El Niño 2023-24 peaks as one of the strongest on record, gradually weakening but continues to impact global climate

There is a 60% probability of El Niño persisting during March-May. File picture: Pexels

There is a 60% probability of El Niño persisting during March-May. File picture: Pexels

Published Mar 7, 2024


The 2023-24 El Niño event has reached its peak, standing among the five most potent occurrences in history.

According to a recent update from the World Meteorological Organization (WMO), there is a 60% probability of El Niño persisting during March-May and an 80% likelihood of neutral conditions (neither El Niño nor La Niña) from April to June.

It is noteworthy that there's a possibility of La Niña emerging later in the year, although current odds remain uncertain.

According to the update, while its intensity is gradually waning, its influence on the global climate is expected to persist in the coming months, exacerbating the heat trapped by greenhouse gases resulting from human activities.

Predictions indicate above-normal temperatures over nearly all land areas between March and May.

What is El Niño?

El Niño occurs roughly every two to seven years, typically lasts for nine to twelve months.

It is a natural climate phenomenon associated with the warming of the ocean surface in the central and eastern tropical Pacific Ocean.

This weather phenomena significantly influences weather and storm patterns worldwide, occurring within the broader context of a climate shaped by human-induced activities.

Secretary-General of the WMO, Celeste Saulo, highlighted: "Every month since June 2023 has set a new monthly temperature record, with 2023 being the warmest year on record. While El Niño has contributed to these record temperatures, heat-trapping greenhouse gases are unequivocally the primary culprit."

While El Niño's impact is evident in the equatorial Pacific's ocean surface temperatures, Saulo emphasised that other regions globally have experienced persistently and unusually high sea surface temperatures over the past ten months.

January 2024 saw the highest sea surface temperature for that month on record, raising concerns beyond the influence of El Niño alone.

El Niño typically exerts the greatest impact on global climate patterns in its second year of development, which is anticipated in 2024.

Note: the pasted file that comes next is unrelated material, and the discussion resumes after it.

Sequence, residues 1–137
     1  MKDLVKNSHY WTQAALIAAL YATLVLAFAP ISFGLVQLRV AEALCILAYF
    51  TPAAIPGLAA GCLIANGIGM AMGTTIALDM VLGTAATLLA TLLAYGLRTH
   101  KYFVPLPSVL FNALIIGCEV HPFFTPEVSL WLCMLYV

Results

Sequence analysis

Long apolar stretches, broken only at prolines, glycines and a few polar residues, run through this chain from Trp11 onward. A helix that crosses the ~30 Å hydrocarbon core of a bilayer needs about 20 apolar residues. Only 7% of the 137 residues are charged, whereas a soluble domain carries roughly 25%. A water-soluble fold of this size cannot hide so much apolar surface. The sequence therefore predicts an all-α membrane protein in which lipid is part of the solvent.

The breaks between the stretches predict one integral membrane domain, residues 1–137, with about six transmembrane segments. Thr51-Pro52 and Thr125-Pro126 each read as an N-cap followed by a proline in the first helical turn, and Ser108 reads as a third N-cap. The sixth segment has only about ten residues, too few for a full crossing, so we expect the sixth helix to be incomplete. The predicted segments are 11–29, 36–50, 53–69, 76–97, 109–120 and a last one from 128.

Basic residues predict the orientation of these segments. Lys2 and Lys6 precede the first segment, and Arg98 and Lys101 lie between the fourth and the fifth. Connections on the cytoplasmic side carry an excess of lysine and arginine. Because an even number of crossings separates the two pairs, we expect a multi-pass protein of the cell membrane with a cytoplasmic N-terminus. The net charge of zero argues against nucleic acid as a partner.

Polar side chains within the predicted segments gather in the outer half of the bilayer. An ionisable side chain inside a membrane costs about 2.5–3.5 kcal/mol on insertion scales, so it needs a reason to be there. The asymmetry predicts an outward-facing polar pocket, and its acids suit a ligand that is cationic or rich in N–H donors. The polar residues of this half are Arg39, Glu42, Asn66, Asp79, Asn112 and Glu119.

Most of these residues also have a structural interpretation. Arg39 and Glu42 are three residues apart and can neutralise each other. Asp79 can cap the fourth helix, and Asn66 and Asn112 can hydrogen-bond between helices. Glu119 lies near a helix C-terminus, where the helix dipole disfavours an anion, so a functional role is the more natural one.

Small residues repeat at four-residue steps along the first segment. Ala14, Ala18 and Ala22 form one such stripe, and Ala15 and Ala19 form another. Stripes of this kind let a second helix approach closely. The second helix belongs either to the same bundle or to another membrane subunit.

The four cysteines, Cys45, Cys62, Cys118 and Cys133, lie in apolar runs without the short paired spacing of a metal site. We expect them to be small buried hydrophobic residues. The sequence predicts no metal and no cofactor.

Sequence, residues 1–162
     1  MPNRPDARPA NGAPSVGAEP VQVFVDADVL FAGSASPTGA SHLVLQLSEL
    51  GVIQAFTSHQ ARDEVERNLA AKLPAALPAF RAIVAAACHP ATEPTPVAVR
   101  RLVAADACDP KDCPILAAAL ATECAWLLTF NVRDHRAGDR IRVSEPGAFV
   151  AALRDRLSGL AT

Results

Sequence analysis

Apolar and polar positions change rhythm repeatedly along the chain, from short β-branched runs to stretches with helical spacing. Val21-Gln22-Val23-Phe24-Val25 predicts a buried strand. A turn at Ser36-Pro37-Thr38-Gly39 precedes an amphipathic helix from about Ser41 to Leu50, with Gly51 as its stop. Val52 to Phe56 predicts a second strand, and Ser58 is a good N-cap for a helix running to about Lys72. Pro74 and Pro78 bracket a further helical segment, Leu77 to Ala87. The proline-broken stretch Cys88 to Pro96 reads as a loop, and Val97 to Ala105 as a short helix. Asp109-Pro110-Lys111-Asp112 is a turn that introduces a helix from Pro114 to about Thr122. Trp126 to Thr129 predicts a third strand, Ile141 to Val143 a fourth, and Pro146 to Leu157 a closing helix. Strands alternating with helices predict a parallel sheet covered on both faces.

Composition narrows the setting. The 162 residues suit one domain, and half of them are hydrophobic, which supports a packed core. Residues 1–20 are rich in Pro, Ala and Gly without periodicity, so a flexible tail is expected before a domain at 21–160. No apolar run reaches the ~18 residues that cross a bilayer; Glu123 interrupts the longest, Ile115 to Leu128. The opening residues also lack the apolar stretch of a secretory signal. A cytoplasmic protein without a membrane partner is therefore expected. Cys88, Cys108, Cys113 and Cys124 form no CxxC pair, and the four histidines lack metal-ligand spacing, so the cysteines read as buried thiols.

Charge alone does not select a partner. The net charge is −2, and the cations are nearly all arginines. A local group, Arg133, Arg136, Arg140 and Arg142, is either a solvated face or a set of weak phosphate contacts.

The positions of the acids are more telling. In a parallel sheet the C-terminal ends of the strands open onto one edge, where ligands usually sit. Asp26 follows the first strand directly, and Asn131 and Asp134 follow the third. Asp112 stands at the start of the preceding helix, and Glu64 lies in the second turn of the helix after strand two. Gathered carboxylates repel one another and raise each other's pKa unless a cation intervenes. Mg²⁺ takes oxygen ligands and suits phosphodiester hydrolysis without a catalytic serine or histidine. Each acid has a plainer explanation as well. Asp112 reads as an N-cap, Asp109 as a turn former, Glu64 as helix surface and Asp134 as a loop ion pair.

The ongoing albeit weaker El Niño, coupled with above-normal sea-surface temperatures across much of the global oceans, is expected to lead to elevated temperatures over almost all land areas in the next three months, influencing regional rainfall patterns.

Why is it important to know status of El Niño?

The current El Niño event, which began in June 2023, peaked between November and January, with sea surface temperatures approximately 2.0°C above the 1991-2020 average for the eastern and central tropical Pacific Ocean.

While ranking among the five strongest El Niño events, it remained weaker than the 1997/98 and 2015/2016 occurrences.

El Niño affects seasonal climate averages but can increase the likelihood of extreme weather and climate events in certain regions. The WMO emphasises the importance of early warnings, particularly during El Niño and La Niña events, to support decision-making, enhance preparedness, and facilitate anticipatory action.

El Niño's impacts include increased rainfall triggering flooding in the Horn of Africa and southern United States, alongside dry and warm conditions in Southeast Asia, Australia, and southern Africa. It has exacerbated drought in northern South America and contributed to dry and warm conditions in parts of southern Africa.

Secretary-General Saulo underscored the significant societal and economic impacts of El Niño events, emphasising the critical role of accurate seasonal forecasts in helping countries prepare and mitigate damage in climate-sensitive sectors like agriculture, water resources, and health.